4. All deliverables will be graded by our TAs, except the project poster presentation, which will be peer-graded.
  5. When assigning course grades, I will start with the standard grade thresholds (90, 80, etc.). I may lower (and never raise) the thresholds (i.e., to your benefits). For example, I may use 88 instead of 90.

Deliverable Due Dates

All homework and project deliverables will be due at the times shown in the Course Schedule. These times are subject to change so please check back often.

Plagiarism, Collaboration Policy, and Student Honor Code

  • All course participants (myself, teaching assistants, and learners) are expected to know and abide by the Georgia Tech Academic Honor Code.
  • Ethical behavior is extremely important in all facets of life.
  • Plagiarism is a serious offense. You are responsible for completing your own work. You are not allowed to copy and paste, or paraphrase, or submit materials created or published by others, as if you created the materials. All materials submitted must be your own.
  • You may discuss high-level ideas with other students at the "whiteboard" level (e.g., how cross validation works, use hashmap instead of array) and review any relevant materials online. However, each student must write up and submit his or her own answers.
  • All incidents of suspected dishonesty, plagiarism, or violations of the Georgia Tech Honor Code will be subject to the institute’s Academic Integrity procedures (e.g., reported to and directly handled by the Office of Student Integrity (OSI)). Consequences can be severe, e.g., academic probation or dismissal, grade penalties, a 0 grade for assignments concerned, and prohibition from withdrawing from the class.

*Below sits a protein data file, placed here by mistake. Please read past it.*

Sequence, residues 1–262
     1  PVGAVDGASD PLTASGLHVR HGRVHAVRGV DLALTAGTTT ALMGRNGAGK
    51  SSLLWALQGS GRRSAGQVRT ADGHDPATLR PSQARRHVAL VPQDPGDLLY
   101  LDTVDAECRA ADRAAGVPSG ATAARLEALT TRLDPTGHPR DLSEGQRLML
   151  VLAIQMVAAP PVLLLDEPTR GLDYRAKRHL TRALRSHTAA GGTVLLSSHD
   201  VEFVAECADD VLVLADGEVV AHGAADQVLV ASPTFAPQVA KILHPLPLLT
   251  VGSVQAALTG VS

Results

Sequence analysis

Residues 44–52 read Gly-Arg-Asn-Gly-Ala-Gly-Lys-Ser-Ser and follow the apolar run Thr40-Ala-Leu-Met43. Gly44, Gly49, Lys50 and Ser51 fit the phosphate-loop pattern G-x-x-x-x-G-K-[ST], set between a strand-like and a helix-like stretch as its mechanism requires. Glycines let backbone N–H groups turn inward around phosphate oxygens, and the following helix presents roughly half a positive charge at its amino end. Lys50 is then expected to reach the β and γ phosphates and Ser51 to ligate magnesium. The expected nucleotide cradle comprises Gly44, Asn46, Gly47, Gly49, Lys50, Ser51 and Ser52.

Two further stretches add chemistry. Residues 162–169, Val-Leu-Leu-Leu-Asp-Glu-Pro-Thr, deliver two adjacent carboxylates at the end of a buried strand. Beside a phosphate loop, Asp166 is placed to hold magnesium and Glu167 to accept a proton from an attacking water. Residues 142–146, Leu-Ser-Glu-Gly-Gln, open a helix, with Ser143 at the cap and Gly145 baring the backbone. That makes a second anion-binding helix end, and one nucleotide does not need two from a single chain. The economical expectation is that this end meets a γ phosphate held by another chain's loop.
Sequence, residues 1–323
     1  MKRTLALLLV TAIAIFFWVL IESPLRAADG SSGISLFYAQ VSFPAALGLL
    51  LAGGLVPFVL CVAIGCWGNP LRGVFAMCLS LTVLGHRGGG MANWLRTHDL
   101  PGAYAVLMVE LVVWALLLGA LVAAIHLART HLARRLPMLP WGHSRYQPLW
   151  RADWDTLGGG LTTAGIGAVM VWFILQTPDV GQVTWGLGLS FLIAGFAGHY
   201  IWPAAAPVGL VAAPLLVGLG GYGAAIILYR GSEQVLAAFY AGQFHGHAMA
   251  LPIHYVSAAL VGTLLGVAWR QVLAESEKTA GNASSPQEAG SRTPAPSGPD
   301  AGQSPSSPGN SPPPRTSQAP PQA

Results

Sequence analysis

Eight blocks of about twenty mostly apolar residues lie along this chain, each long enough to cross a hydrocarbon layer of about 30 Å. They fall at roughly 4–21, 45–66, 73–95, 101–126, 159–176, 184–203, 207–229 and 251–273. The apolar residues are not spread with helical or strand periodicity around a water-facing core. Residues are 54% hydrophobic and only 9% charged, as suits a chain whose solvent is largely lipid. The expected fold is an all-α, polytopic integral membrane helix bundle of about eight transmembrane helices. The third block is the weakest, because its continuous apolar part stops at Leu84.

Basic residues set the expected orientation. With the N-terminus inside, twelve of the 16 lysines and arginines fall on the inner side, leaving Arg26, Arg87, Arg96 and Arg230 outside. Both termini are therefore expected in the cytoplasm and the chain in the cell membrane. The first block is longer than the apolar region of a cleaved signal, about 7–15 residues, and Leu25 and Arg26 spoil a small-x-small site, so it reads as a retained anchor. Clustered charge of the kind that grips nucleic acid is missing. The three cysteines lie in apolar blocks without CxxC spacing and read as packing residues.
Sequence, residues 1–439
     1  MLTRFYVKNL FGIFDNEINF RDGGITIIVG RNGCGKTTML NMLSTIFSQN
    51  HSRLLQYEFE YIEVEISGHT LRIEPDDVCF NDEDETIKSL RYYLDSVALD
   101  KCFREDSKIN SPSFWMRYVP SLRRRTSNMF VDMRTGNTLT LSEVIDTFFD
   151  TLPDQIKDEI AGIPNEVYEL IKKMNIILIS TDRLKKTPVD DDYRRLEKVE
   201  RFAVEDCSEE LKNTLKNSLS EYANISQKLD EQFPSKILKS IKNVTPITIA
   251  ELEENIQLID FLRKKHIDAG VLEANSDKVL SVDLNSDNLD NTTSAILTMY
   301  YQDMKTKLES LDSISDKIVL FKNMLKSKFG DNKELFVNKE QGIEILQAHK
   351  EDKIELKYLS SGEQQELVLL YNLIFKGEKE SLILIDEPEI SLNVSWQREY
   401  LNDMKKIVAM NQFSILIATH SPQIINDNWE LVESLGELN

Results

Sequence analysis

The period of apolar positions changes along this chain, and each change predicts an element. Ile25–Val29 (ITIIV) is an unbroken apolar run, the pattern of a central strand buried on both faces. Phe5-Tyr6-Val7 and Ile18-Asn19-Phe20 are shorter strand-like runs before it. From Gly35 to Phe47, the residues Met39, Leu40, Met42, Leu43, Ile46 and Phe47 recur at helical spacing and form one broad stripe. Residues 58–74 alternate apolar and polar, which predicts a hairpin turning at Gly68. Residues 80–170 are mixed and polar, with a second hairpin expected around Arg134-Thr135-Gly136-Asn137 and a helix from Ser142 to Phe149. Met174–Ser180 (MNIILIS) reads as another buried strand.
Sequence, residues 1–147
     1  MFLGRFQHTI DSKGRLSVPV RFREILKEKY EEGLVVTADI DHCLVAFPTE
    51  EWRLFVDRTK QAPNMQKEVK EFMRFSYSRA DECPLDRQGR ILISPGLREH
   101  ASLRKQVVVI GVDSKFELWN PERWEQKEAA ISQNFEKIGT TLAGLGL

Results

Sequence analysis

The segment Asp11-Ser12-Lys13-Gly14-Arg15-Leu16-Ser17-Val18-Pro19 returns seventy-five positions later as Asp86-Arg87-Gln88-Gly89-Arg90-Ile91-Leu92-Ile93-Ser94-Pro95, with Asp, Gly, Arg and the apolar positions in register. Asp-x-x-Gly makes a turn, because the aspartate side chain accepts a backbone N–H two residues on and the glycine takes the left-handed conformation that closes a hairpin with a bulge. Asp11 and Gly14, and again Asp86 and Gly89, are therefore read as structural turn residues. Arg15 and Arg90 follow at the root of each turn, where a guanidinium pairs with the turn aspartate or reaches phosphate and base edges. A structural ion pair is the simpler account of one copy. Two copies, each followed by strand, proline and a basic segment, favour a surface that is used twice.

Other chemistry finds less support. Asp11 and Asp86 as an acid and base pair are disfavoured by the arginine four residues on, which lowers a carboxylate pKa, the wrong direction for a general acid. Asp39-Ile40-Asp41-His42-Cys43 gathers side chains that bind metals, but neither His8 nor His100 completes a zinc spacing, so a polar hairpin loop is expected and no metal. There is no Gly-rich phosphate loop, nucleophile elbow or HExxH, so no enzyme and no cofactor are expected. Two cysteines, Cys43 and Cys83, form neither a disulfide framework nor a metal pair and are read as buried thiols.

Late Policy and Due Dates

  • All homework and project deliverables are due at the times shown in the Course Schedule. These times are subject to change so please check back often.
  • Every homework assignment deliverable and every project deliverable comes with a 48-hour "grace period". You do not need to ask before using this grace period.

    Your deliverable may be submitted (and resubmitted) up to 48 hours after the official deadline without penalty, but Canvas will mark your submission as "late"

    Canvas automatically appends a "version number" to files that you re-submit. You do not need to worry about these version numbers, and there is no need to delete old submissions. We will only grade the most recent submission.
  • Any deliverable submitted after the grace period will get 0 credit. We recommend that you submit your work before the grace period begins.
  • We will not consider late submission of any missing parts of a deliverable. To make sure you have submitted everything, download your submitted files to double check. If your submitting large files, you are responsible for making sure they get uploaded to the system in time. You have 48 hours to verify your submissions!
  • No penalties for medical reasons or emergencies. And should they arise, you must contact the Dean of Students office. Doctor's notes, medical documentation, explanation of emergencies, etc. should be submitted to the Dean’s office. After their office receives the information, we will notify me on your behalf.

Timing Policy

  • The course videos follow a logical sequence that includes knowledge-building and experience-building (assignments).
  • Assignments should be completed by their due dates, in order for timely peer assessment. Peer assessments should also be completed by their due dates, to give timely feedback.
  • You will have access to the course content for the scheduled duration of the course.